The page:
Black female athletes: Having Black female coach is crucial
South Carolina senior guard Brea Beal knew she could trust Dawn Staley before she even suited up for the Gamecocks.
It wasn’t just Staley’s coaching accolades, which include fueling South Carolina’s meteoric rise in women’s basketball, that sold Beal. Beal knew that Staley — a Black woman like her — would best understand how to guide her as she navigated both life and playing basketball on a big stage.
“People that were telling me what this community was about, I know it’s somewhere I wanted to be,” Beal said. “As soon as I got here, she definitely led me down a journey so I could find out who I am.”
Black female representation in the coaching and sports administrative ranks has existed on a minute scale — even in a sport like basketball, which along with track and field has the highest concentration of Black female college athletes. Black female players who have been coached by a Black woman told The Associated Press that it was crucial to their development.
“There are some coaches who will just have all guys with no understanding that there are sometimes things that a young woman may need to talk to another woman about,” said Kiki Barnes, a former basketball player and jumper at New Orleans and current Gulf Coast Athletic Conference commissioner.
While the number of women coaching women’s sports has increased in the past decade, Black women continue to lag behind most other groups. During the 2021-22 school year, 399 Black women coached women’s NCAA sports teams in Divisions I, II and III, compared with 3,760 white women and 5,236 white men.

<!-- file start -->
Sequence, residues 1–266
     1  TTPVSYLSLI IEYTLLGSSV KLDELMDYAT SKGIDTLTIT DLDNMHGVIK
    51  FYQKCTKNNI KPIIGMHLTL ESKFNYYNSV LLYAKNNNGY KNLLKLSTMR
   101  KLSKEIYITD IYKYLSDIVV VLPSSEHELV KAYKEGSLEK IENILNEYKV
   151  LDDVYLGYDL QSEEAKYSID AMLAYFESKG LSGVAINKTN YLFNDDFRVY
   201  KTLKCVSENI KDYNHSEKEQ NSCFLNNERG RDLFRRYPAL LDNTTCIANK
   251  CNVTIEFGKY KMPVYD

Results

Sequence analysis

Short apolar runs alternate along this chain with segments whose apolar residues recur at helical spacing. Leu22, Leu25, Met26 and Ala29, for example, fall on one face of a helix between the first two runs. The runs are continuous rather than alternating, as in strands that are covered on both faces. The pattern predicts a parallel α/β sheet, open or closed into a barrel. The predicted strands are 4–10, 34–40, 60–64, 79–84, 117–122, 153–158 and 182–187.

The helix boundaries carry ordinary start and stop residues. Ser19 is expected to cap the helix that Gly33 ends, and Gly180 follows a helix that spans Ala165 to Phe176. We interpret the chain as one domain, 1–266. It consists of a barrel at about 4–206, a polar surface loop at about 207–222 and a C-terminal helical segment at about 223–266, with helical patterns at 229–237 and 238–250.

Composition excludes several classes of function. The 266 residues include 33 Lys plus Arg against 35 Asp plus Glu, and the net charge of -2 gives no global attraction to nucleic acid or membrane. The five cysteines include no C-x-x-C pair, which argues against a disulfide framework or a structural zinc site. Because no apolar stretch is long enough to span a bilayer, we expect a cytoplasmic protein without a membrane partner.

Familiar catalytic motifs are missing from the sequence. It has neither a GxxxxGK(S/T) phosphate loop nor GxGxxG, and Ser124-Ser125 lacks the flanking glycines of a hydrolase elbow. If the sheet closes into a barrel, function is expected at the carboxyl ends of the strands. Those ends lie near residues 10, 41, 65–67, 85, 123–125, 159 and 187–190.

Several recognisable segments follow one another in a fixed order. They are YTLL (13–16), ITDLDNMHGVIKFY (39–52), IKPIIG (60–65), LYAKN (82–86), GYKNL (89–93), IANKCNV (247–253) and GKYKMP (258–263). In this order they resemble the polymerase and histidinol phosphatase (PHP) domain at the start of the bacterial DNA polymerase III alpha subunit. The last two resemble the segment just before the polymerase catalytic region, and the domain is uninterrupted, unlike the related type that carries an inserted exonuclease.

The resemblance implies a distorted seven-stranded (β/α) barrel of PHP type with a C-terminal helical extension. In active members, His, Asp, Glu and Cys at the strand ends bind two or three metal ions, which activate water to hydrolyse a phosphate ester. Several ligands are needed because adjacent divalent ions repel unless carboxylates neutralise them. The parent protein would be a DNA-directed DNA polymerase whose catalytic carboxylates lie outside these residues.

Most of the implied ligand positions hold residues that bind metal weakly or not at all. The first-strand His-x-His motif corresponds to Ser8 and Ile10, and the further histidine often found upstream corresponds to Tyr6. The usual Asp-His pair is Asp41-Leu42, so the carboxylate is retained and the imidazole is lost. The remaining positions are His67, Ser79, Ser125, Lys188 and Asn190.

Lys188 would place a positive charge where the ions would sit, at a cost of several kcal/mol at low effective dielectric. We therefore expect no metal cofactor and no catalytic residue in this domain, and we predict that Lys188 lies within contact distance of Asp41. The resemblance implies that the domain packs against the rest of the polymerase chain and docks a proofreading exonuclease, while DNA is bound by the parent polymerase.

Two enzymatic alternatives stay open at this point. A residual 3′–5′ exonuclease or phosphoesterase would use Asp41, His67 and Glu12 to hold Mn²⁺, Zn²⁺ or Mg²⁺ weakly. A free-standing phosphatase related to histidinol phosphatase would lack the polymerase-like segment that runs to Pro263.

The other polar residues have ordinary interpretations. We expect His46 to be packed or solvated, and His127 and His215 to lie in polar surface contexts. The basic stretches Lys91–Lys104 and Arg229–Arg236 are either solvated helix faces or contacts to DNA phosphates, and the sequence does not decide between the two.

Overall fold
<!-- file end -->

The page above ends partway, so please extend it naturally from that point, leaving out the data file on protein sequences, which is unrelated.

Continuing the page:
In women’s NCAA basketball, a sport made up of 30% Black athletes, Black women made up 12% of head coaches across all divisions during the 2021-22 season, according to the NCAA’s demographics database.
Fourteen Black women led women’s basketball teams across 65 Power Five programs this past season — up one from 2021. That’s less than 22% of the total in a sport that was played by more Black athletes (40.7%) than any other race in Division I, according to a report with data from the 2020-21 season.
For the first time in a decade, four Black coaches advanced to the Sweet 16 of the women’s basketball tournament, including Staley, who said she believes it’s more popular to hire a woman at “this stage of the game.”
“And it’s not to say that I’m going to sit here and male bash, because we have a lot of male coaches who have been in our game for decades upon decades,” said Staley, who will lead her team into the Final Four this weekend. “But I will say that giving women an opportunity to coach women and helping women navigate through life like they have navigated through life will allow your student-athletes a different experience than having a male coach.”
For years Staley has been an advocate for hiring more female coaches — especially minorities — in college basketball, but WNBA player Angel McCoughtry said Black female coaches as successful as Staley are still too few and far between in the sport.
“When I was getting recruited in high school, I don’t remember having a Dawn Staley to look up to,” said McCoughtry, who played at Louisville from 2005-09.
McCoughtry also named Carolyn Peck, the first African American woman to coach her team to an NCAA women’s basketball title in 1999 with Purdue, as another example of representation in the sport.